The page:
Expressive Language Disorder vs. Receptive Language Disorder
Learning the difference between an expressive language disorder and a receptive language disorder is key to getting your child the right kind of support.
Does your child struggle to understand what’s said to them? Does your child struggle to find the right words to speak and create sentences? Both?
Understanding Receptive Language Disorder
Receptive language disorder is a difficulty with the ability to understand language. These children often have a hard time following directions and understanding question structures (who, what, why, when, where). For example, when you ask a child with a receptive language disorder, “Who is your teacher”?, they might answer, “At school.” They may understand that you are asking about a certain subject. But, they are unable to answer specific questions or may confuse the various question forms.
Receptive language difficulties often result in poor social interactions. These children often have difficulty maintaining a topic of conversation and or taking turns when chatting with peers and teachers.
Understanding Expressive Language Disorder
Students with expressive language disorder struggle to use spoken words. These students might compensate with gesturing or pointing to communicate. Vocabulary is usually limited. Because of this, the child will resort to using non-specific words or canned phrases.
These students will have difficulty retelling an event, describing and defining things, and providing details. Students often don’t use correct verb tense or plural forms of words. They are also likely to skip “helper” words like “is”, “the” and “a” when they speak.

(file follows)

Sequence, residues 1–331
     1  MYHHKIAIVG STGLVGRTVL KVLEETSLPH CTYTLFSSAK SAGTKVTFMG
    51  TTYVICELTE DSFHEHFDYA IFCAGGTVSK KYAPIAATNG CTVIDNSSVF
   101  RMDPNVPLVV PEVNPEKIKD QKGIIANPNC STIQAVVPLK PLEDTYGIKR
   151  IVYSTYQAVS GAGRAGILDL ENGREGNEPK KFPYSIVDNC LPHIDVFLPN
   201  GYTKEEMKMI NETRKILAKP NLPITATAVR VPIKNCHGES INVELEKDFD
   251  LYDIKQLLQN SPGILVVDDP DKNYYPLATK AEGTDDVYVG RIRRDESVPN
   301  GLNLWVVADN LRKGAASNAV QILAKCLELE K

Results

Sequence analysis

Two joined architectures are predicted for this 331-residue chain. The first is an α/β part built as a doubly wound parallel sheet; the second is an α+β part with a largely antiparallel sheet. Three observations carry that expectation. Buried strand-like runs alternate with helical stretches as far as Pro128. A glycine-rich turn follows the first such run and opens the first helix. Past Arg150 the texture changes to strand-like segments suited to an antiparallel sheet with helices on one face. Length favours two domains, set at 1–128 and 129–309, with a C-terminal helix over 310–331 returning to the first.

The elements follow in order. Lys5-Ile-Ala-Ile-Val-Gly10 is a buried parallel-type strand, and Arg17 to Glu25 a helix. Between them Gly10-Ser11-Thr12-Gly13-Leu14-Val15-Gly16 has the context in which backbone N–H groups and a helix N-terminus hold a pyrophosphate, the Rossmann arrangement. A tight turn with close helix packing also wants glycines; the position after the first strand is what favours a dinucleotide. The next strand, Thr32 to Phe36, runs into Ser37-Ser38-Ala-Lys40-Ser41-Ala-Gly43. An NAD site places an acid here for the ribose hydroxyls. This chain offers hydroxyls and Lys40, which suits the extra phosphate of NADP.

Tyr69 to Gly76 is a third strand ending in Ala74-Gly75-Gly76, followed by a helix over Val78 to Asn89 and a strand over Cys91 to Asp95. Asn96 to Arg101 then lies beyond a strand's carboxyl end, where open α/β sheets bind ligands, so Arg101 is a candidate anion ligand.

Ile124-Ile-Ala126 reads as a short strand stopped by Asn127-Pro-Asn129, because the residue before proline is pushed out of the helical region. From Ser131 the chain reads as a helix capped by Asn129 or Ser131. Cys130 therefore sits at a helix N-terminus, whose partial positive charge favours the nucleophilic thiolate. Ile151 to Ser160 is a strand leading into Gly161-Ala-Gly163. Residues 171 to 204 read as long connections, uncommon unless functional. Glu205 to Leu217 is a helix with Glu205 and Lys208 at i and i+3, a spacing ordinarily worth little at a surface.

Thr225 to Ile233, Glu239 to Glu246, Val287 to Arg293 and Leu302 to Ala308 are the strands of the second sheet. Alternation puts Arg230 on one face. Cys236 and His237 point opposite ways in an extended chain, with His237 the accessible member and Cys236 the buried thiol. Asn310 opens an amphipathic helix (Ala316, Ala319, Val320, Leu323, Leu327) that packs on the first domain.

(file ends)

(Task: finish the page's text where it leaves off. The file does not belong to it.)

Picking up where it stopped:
What Happens When My Child Has Both?
When students exhibit characteristics of both receptive language disorder and expressive language disorder, they are considered to have a global (or mixed) language disorder. A child with mixed receptive-expressive language disorder is not able to communicate wants and needs as well as his or her same aged peers. Additionally, he or she will have an underdeveloped vocabulary compared to their classmates.
This child’s IEP must have accommodations for both expressive and receptive support. Although they are related, they are very unique challenges that need their own interventions.
What Do I Do Next?
Communication with the IEP or 504 Plan team at school is critical. Learn how to make the most out of your next meeting with ExceptionALLY. Log-in now for personalized recommendations and strategies – FREE for all parents.
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